00:08:44 LAURYN HILL: Oh, let me not even say that. My mother is standing — she's right there, and I was going to say, "The belt!" No, I’m only kidding.

00:08:49 No, it's not — I'm only kidding. I'm only, only kidding. Honest, I’m joking.

00:08:58 Every time I say that, my mother thinks that I make her look so bad, but it — no, there was just — you know, a friend of mine put it this way. My mother used to make me sandwiches, and not physical sandwiches, but spiritual sandwiches, okay? She would give me bread, and the bread was encouragement and love, and then the meat was the correction, okay?

00:09:23 And then there was another piece of bread, which was the encouragement and the love. So that worked, you see? She just dealt with me in truth at all times. Well, no, no, no, no. Wait! Let me go back. Wait a minute. That’s not true because there was this one time — do you guys remember those plastic shoes, jellies?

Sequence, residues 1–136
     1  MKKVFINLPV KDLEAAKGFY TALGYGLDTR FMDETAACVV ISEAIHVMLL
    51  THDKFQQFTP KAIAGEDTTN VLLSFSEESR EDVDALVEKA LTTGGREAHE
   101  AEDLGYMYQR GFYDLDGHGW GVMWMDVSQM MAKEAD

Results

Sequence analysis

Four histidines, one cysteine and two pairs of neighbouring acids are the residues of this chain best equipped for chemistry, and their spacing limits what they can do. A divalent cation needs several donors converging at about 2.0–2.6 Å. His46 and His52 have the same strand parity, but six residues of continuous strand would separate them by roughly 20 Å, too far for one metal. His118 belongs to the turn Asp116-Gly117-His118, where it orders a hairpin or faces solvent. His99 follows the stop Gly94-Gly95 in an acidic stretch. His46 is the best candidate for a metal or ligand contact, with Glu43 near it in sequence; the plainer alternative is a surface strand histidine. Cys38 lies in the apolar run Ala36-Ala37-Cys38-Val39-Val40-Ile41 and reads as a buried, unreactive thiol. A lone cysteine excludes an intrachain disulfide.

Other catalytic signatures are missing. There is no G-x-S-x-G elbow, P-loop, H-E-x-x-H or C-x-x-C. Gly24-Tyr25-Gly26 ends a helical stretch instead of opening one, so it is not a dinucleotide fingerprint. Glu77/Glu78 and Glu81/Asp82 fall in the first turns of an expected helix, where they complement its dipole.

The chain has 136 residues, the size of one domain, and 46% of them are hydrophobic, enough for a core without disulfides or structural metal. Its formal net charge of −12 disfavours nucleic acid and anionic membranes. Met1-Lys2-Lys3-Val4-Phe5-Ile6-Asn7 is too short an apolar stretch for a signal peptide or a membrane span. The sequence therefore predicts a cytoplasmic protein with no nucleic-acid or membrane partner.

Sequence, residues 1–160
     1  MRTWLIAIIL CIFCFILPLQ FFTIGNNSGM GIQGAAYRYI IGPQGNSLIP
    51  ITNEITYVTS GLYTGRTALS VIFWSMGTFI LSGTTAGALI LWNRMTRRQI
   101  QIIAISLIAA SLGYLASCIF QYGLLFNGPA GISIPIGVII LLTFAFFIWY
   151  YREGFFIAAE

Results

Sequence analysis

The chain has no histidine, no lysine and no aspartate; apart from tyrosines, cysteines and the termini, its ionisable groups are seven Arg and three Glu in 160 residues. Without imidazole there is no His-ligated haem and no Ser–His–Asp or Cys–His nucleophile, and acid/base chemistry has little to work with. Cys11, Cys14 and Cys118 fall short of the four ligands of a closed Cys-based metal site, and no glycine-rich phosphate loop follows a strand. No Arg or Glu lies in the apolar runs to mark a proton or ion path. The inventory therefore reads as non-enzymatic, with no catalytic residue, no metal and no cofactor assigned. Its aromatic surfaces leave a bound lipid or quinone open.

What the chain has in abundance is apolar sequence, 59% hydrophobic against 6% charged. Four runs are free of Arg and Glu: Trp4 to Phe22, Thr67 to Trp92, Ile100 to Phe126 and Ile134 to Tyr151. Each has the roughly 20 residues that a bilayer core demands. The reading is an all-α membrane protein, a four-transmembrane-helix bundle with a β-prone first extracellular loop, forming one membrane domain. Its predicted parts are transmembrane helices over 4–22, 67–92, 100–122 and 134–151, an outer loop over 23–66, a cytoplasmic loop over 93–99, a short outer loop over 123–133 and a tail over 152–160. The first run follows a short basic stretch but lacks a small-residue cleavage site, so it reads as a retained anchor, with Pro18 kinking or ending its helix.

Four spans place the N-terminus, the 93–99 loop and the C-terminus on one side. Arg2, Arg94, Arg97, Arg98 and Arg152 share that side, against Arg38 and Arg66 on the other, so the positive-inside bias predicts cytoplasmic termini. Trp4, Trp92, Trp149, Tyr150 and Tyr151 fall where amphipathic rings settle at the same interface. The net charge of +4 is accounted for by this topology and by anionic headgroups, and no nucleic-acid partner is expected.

00:09:40 Listen, I wanted them so bad. My mother told me I couldn’t have them because they would melt on my feet.

00:09:45 And I was like, you know — and you grow up now and you realize what are you — you said — and that’s why I have on plastic shoes right now, because I wanted those jellies.

00:09:52 And then there was — you remember those raincoats, the clear ones? She told me that I would suffocate if I wore one of those.

00:09:59 Ma, you didn't — but, you know — no, I'm serious. But she dealt — she dealt with me in love. There was a certain amount of — there was a — actually, there was a huge level of freedom in our relationship because we exercised choice from an early age, but at the same time, there was discipline, you know what I mean? There were parameters, but we could choose, you know. I remember her telling me stories about when I was five years old.